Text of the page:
It’s funny, but after all these years, Smartmom still hasn’t worked out the work/motherhood conundrum.
She still feels guilty about blogging at the computer when the Oh So Feisty One is getting ready for school (even though OSFO doesn’t really need her help anymore).
“Do you want French toast?” Smartmom says while typing a blog post. “How about some Raisin Bran?”
Smartmom jumps up and fills a glass with orange juice. OSFO doesn’t really want it, but Smartmom insists.
“You need some breakfast. It’s good for your brain.”
Sure, Smartmom values her identity as a writer, blogger and producer with a long list of projects. But she also feels guilty when she devotes herself to anything other than her children.
What’s a smart mom to do?
Back in September, 1991, when her son was only three months old, Smartmom returned to her full time job as a video producer in Manhattan. Weekday mornings, she’d leave Baby Spirit (the future Teen Spirit) in the care of Hepcat and their wonderful babysitter, Beautiful Smile. Hepcat and Baby Teen Spirit would wave from their fourth-floor window on Fifth Street, and Smartmom felt very blue as she slogged up Fifth Street in her black Joan and David pumps. She knew she was missing out on a day of play, naps, feedings and fun.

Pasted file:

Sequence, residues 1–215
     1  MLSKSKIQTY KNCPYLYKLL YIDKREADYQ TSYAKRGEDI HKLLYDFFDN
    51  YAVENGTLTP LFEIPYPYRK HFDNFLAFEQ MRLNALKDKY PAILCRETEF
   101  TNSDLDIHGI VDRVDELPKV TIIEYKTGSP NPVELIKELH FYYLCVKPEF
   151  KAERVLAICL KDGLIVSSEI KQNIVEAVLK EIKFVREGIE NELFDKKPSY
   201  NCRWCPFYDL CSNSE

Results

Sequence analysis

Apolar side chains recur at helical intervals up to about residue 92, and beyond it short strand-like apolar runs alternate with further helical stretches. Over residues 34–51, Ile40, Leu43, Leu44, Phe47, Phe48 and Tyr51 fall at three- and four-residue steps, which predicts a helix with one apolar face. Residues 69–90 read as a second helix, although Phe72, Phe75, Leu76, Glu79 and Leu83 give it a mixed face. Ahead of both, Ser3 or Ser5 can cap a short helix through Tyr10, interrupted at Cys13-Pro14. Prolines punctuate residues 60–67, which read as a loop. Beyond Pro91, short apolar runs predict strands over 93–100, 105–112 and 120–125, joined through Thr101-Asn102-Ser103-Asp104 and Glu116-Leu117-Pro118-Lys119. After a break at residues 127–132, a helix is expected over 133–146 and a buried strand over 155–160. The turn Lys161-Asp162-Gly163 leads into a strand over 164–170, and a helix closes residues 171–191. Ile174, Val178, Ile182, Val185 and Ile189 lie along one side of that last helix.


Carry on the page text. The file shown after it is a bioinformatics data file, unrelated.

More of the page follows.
When she got on the F train, she’d think about her adorable little blue-eyed baby and feel sorry for herself. But once at the office, she’d get swept into the hyperactive pace of a production company and get to work.
During the first year of Teen Spirit’s life, she’d use her Medela Breast Pump at lunchtime and put a sign on the door that said “Please Knock” and just prayed no one barged in.
Smartmom’s co-workers were fascinated with her tales of motherhood. Every day was a new episode of “The Baby Spirit Show” rife with cute stories of his adorable baby antics. Still, they didn’t always understand how important it was for her to leave the office promptly at 6 pm so that she could relieve her babysitter.